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Are You Paying Enough Attention To Your Conversion Rates?


How often do prospects navigate to a landing page on your website and then leave without converting? What other sort of customer interactions fall short? If people aren’t converting, you should have insight into why. 

Sales executives need to pay close attention to conversion rates because they ultimately affect revenue. When your conversion rate is low, it means your organization’s cost of sales is higher as you’re spending more time communicating with people who aren’t generating revenue for your business. 

Therefore, the more efficiently you convert customer “touches” into revenue, the better your overall cost of sales is going to be. Anyone wanting to increase revenue and decrease the cost of sales should track conversion rates and take action where appropriate. 

What kind of information should you track? Any engagement your leads provide you with is worth monitoring. Track open rates and click-through rates for your emails; track the bounce rates off your website’s landing pages. When a lead engages you, what sort of information do they provide? What do they expect in return from you in exchange for that information? What language provokes the best buyer response? This is just a sampling of what’s worth tracking

Do some self-editing and think about why you’re tracking what you track, and be sure to avoid asking prospects too many questions up front. 

Perhaps one of your landing pages asks prospects to enter their annual household income into a field along with their name, age, job title and marital status in order to download a free e-book. Many people, especially prospective customers at the beginning stage of the sales funnel, might not want to provide such personal information and may leave your landing page.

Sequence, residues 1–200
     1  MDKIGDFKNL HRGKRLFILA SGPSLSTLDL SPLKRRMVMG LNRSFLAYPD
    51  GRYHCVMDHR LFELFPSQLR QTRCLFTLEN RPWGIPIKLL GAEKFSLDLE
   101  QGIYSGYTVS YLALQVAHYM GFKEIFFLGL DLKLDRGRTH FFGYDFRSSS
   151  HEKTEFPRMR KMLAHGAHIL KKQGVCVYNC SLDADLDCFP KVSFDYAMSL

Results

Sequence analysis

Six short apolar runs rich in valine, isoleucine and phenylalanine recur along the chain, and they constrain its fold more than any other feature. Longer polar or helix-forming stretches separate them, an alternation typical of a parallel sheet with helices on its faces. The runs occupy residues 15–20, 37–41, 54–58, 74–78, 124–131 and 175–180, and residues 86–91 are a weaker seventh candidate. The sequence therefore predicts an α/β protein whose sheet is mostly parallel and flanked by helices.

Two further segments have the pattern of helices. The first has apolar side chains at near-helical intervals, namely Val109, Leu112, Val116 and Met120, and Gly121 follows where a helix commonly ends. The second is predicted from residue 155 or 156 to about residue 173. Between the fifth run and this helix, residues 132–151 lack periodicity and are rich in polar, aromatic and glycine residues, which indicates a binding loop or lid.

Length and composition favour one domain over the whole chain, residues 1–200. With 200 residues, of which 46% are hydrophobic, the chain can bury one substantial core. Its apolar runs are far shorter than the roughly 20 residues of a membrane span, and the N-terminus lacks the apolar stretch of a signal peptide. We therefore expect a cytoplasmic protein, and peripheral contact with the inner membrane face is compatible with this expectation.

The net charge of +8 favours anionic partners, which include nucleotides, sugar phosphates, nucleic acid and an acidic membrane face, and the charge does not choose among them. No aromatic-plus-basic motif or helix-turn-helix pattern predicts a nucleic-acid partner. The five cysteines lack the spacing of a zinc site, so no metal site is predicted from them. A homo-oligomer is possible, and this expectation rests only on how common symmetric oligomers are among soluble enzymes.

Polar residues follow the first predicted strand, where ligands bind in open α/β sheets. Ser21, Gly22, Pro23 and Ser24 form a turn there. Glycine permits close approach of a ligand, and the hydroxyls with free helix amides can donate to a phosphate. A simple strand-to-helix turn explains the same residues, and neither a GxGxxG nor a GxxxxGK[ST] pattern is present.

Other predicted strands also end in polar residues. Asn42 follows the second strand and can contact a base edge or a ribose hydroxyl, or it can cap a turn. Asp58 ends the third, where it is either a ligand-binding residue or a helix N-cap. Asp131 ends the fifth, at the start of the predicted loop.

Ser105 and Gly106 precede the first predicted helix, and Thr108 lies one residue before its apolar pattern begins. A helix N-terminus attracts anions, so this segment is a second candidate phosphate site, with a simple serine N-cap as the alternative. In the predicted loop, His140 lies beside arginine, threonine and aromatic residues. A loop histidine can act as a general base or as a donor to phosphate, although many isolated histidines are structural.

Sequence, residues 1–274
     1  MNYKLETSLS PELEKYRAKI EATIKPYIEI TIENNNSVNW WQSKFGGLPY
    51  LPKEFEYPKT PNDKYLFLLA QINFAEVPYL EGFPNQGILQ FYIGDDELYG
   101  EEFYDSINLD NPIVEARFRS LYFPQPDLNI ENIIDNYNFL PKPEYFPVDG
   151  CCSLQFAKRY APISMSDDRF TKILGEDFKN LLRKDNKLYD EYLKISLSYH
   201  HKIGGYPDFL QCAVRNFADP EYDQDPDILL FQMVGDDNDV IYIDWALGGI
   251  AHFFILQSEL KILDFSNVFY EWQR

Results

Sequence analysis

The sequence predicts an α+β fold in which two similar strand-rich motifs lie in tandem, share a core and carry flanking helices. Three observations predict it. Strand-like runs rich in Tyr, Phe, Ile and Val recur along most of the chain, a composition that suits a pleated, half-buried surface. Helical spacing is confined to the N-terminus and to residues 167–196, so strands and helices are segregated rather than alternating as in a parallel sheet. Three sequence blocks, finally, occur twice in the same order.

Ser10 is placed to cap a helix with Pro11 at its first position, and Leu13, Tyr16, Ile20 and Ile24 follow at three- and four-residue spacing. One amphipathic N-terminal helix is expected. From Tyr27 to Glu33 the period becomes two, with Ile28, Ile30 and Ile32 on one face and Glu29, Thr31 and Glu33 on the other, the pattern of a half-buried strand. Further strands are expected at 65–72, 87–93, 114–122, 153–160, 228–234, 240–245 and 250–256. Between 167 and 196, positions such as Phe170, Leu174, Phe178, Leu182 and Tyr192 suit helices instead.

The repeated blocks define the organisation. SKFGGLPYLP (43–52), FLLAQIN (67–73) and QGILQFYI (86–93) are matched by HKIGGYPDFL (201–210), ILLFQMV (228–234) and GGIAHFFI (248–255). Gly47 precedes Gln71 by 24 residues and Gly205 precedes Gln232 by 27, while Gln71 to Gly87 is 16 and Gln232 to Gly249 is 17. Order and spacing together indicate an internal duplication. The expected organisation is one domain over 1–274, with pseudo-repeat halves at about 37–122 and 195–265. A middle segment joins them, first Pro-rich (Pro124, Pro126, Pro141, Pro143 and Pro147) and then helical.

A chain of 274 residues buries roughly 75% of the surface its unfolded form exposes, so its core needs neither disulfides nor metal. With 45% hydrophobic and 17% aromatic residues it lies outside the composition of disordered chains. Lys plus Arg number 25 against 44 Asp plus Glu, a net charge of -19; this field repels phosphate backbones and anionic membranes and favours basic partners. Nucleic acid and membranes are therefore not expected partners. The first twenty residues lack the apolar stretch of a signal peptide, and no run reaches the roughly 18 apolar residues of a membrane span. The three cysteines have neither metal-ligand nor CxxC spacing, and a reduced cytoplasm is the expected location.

Encouraging a prospect to visit a landing page requires work on your part; don’t lose that potential customer by asking the wrong (or unnecessary) questions. 

The Tellwise Nutshell (TTN): Tracking conversion rates is essential. Here’s the caveat: You must have a clear reason for putting your time and energy into tracking any particular metrics or key performance indicators (KPIs). For every data point you have, ask yourself why you’re tracking it. If you don’t have the answer, you should stop measuring it. 

Want to learn more about conversion rates? Our FREE e-book, “An Ultimate Guide To Conversion Rates: A Must-Have Resource For Today’s Sales Executives, is a great resource!

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